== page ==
We used these findings to develop the first evidence-based guidelines for the prevention of melioidosis. These are suitable for people in melioidosis-endemic areas, travelers and military personnel. Public health campaigns based on our recommendations are under development in Thailand.
Author Summary
Melioidosis is a serious infectious disease caused by the environmental saprophyte, Burkholderia pseudomallei. The infection is potentially preventable, but developing prevention guidelines is hampered by a lack of evidence on which to base them. The purpose of this study was to provide evidence for inoculation, inhalation and ingestion as routes of infection. To achieve this, we undertook a matched case-control study and performed home visits to obtain drinking water and culture this for B. pseudomallei. We found that activities associated with increased risk of developing melioidosis included working in a rice field, other activities associated with exposure to soil or water, an open wound, eating food contaminated with soil or dust, drinking untreated water, outdoor exposure to rain, water inhalation, current smoking and steroid intake. Presence of B. pseudomallei in drinking water source(s) doubled the odds of acquiring melioidosis. This is the first study to show that ingestion is an important route of human B. pseudomallei infection, and that exposure to rain is an independent risk factor for melioidosis. We used this finding to develop the first evidence-based guidelines for the prevention of melioidosis. These are suitable for people in melioidosis-endemic areas, travelers and military personnel.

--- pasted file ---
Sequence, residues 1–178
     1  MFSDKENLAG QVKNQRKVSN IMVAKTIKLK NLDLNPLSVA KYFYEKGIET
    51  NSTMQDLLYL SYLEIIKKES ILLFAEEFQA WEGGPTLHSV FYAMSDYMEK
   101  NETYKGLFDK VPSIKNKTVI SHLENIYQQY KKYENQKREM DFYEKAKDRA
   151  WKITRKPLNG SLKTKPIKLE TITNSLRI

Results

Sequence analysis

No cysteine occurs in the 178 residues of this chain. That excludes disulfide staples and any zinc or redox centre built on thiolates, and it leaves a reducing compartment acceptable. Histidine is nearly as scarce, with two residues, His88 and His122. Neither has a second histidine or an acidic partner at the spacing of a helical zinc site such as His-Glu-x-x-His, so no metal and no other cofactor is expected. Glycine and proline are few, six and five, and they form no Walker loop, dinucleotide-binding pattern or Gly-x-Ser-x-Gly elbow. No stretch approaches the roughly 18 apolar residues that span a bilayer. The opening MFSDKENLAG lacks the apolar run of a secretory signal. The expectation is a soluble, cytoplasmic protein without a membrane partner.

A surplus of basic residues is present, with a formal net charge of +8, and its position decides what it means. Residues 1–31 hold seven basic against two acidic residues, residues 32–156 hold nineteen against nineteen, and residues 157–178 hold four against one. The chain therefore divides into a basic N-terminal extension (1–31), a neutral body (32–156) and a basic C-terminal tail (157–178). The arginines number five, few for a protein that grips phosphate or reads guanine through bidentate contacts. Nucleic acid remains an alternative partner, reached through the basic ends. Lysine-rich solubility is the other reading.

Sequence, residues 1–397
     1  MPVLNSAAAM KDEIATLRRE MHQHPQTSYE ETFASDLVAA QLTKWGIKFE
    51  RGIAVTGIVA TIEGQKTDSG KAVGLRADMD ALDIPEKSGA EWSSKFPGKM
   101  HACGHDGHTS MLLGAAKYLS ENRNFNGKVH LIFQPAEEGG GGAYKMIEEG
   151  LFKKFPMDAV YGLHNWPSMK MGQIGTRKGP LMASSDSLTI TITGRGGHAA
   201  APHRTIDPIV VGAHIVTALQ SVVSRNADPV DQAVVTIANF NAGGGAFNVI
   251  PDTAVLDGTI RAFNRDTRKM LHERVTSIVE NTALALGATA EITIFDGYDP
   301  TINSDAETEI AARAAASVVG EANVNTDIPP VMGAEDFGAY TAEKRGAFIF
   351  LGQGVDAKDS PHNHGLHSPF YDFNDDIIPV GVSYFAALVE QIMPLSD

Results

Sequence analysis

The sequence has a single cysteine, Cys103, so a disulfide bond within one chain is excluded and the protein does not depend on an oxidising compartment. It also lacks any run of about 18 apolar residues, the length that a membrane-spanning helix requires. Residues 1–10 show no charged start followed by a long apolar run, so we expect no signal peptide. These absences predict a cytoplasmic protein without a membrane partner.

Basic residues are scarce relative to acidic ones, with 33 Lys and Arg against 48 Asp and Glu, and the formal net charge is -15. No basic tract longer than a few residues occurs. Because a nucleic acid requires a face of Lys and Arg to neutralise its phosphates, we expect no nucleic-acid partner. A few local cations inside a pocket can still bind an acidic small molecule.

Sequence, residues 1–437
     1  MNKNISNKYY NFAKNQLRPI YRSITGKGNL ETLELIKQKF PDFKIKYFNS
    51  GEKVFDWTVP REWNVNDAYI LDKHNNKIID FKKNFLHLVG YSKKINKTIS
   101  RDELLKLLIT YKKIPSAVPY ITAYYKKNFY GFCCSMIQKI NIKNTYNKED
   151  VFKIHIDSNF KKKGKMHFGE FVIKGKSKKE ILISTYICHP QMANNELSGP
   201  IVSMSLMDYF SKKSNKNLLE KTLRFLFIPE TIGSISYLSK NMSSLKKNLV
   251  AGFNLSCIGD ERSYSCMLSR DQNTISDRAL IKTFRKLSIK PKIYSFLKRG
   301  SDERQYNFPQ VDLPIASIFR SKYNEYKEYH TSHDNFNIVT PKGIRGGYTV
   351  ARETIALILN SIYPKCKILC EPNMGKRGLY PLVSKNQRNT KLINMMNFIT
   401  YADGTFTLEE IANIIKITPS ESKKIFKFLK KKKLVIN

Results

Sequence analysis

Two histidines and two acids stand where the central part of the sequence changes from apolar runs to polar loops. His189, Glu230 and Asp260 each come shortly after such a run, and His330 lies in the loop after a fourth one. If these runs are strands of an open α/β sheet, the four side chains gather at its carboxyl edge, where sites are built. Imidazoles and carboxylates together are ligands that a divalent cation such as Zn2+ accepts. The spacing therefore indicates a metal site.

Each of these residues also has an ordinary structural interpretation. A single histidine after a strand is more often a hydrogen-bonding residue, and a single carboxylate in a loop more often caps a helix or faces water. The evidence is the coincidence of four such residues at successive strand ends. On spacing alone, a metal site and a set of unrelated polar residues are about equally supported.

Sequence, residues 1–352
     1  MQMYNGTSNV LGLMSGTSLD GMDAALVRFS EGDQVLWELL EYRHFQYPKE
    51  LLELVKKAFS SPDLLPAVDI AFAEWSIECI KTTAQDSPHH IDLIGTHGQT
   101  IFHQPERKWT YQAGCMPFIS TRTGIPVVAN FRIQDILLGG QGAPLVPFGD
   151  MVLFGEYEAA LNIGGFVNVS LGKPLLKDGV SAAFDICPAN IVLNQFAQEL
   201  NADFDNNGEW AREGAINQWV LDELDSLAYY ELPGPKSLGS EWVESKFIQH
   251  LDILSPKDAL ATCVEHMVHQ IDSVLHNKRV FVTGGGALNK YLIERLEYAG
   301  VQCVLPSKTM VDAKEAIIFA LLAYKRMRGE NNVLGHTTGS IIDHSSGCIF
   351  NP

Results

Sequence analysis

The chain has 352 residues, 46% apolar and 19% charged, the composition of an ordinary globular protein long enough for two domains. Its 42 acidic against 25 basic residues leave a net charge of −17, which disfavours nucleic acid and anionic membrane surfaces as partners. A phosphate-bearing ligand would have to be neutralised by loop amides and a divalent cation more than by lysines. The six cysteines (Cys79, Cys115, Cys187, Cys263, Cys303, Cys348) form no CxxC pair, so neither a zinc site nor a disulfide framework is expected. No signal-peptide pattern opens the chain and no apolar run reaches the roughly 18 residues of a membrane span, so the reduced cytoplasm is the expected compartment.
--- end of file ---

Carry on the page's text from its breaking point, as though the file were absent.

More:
doi:10.1371/journal.pntd.0002072
PMCID: PMC3578767  PMID: 23437412